If You Want To Get Into A Festive Mood, Visit Malta Over December

Christmas is just around the corner and it’s a very special time for the Maltese people. As in every country, Malta has its own customs and traditions for celebrating at this heart-warming time of year.

Christmas Lights 

In the middle of November the Christmas lights are switched on in Valletta giving Malta’s capital a yuletide feel. Every road and roundabout in Malta has decorative street lights as does almost every home. Christmas decorations are big in Malta Street decorations usually involve bright blinking lights depicting Christmas trees and such. Meanwhile, residents’ tastes range from delicate white fairy lights in a window to multiple Christmas trees and entire balconies overflowing with flashing colours

Christmas Food

Food plays a big part in Maltese Christmas traditions. Traditional foods include the Christmas cake and the well-known Christmas log. The Christmas log ( ‘Buche de Nöel’) is similar to the
chocolate salami in Protugal and Italy. It is basically a very Christmassy combination with ingredients including chunks of chocolate, cherries, almonds, cookies, and a little dash of alcohol for flavour.
Other popular Christmas treats in Malta are the treacle rings (Qagħqa tal-Għasel), which are wonderful pastry rings filled with a treacle filling and ‘Imbuljuta tal-Qastan’, a traditional Maltese beverage, created with hot chestnut and chocolate.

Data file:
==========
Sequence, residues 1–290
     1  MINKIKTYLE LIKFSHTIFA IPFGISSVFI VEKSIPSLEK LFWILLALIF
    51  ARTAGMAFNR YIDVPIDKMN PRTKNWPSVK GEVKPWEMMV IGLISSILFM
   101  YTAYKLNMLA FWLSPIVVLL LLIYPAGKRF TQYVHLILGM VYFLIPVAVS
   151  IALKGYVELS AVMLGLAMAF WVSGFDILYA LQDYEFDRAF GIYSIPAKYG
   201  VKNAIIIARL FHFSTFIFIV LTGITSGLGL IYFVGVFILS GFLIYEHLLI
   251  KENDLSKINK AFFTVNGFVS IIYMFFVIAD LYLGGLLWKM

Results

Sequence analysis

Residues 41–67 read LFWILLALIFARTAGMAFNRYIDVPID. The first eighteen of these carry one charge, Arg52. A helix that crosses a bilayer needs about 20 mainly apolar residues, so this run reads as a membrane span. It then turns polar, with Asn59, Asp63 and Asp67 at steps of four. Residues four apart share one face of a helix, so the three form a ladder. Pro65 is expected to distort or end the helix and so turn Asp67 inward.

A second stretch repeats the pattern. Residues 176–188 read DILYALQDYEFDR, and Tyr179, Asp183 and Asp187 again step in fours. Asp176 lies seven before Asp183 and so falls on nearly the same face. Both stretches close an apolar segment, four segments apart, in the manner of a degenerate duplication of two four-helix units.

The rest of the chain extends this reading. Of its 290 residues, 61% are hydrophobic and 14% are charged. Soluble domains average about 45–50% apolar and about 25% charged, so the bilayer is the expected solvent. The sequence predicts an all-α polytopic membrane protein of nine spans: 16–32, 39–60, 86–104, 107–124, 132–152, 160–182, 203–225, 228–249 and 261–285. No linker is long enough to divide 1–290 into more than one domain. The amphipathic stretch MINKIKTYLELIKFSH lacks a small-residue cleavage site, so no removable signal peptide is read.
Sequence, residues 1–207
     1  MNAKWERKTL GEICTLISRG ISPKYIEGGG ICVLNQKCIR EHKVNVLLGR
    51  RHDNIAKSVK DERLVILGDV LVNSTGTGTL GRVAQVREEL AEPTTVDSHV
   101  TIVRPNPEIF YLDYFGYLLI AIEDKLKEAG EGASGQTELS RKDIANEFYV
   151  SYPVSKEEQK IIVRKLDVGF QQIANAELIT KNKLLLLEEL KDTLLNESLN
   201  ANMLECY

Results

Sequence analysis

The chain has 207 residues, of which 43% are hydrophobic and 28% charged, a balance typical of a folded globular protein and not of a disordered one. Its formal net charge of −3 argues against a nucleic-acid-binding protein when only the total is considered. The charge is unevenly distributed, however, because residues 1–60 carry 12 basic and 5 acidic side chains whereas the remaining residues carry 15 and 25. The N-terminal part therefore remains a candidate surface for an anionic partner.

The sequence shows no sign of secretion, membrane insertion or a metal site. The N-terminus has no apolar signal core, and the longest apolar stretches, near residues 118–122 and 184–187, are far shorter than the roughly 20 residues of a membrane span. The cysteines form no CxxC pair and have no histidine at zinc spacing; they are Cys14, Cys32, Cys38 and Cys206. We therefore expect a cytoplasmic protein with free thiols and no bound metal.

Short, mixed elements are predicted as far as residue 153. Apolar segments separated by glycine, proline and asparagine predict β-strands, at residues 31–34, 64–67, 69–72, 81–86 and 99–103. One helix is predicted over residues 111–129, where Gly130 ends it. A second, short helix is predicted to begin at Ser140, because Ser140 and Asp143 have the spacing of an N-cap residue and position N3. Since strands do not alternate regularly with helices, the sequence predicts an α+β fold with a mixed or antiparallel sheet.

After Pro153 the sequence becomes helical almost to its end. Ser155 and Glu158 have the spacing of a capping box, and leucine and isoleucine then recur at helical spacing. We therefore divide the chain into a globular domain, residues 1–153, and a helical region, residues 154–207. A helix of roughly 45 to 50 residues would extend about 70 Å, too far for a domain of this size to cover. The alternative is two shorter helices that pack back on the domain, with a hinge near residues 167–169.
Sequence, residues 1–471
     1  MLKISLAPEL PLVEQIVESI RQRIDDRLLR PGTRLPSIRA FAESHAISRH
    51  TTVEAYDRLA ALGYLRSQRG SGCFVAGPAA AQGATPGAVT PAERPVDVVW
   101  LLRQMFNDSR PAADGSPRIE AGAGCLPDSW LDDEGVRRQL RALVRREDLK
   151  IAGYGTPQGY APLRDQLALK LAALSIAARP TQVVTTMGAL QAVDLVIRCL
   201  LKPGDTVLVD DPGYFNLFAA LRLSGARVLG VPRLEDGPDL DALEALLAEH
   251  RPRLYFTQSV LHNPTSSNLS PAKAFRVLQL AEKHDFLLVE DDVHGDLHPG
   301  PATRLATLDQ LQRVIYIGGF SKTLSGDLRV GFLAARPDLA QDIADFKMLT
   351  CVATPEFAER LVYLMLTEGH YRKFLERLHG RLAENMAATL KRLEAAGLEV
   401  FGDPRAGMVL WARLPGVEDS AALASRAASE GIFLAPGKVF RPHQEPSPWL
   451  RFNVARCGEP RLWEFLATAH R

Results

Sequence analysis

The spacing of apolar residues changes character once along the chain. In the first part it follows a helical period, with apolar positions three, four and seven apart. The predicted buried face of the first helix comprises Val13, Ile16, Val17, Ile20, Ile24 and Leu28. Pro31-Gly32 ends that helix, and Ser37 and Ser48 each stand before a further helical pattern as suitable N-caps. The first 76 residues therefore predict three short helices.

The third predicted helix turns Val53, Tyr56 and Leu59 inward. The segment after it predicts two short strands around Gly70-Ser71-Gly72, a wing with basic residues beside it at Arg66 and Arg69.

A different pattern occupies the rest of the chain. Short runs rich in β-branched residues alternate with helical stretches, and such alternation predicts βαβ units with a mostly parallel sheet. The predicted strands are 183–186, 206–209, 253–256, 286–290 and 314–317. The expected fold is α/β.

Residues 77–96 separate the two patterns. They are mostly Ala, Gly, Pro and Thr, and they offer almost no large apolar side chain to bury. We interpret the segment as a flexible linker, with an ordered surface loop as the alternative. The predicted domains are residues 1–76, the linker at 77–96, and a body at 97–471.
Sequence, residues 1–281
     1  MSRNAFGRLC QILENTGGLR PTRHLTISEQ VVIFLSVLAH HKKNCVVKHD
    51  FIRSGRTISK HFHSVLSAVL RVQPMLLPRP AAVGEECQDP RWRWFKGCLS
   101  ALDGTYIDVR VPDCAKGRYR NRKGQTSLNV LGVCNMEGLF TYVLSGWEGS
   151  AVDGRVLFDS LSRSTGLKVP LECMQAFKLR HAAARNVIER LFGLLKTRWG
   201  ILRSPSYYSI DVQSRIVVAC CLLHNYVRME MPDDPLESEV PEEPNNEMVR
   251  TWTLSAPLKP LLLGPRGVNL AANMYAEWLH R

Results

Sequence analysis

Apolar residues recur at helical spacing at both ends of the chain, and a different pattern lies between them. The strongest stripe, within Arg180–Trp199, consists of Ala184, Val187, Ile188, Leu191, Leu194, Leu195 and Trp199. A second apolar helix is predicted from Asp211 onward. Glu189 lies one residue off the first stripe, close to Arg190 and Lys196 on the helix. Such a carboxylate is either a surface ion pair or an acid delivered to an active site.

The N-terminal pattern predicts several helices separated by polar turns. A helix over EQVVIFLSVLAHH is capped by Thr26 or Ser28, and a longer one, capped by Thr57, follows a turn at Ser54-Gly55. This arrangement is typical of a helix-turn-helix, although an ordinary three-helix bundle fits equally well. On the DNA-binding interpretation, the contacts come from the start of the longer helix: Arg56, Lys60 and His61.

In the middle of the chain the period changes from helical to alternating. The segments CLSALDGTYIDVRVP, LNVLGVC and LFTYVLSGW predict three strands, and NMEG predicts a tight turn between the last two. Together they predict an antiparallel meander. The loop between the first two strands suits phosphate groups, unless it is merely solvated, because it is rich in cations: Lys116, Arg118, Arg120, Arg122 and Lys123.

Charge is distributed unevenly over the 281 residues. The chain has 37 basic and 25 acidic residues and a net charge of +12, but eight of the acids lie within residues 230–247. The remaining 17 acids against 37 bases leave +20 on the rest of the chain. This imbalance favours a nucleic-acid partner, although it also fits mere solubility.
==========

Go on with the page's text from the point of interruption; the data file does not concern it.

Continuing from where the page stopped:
Heirloom Baby Jesus in a manger

Every family has one of these. This icon can be several decades old as it tends to be passed on from one generation to another. The Baby Jesus resides in a wooden manger with hay, and is generally placed in a prominent place in the house. The area is decorated with fairy lights, candles and the traditional gulbiena,  which is a  hairy, white shrub grown from a species of wheat, grain or even canary seeds and can be found everywhere; on altars, around cribs, in displays of the Child Jesus.

 Midnight Mass, Mqaret and Mulled Wine

Maltese churches are packed for the Midnight Mass of the night between Christmas Eve and Christmas Day – those that go to church only one day in the year would pick this occasion. Something of a cultural tradition rather than a religious one. After Midnight Mass it is customarily for parish priests offer the community traditional Maltese date cakes (mqaret) and coffee and then follows with an early Christmas breakfast that includes champagne or mulled wine.

Christmas Day Lunch

Maltese families express love with food. Christmas Day lunch in Malta is akin to a banquet. Lunch can go on for several hours, starting at 1.00pm and ending at 7.00pm and can be up to 5 courses. The volume of food could feed twice as many people attending the lunch. The sheer number of people with full bellies and free-flowing alcohol make these very loud talk-over-each-other affairs sprinkled with wholehearted laughter.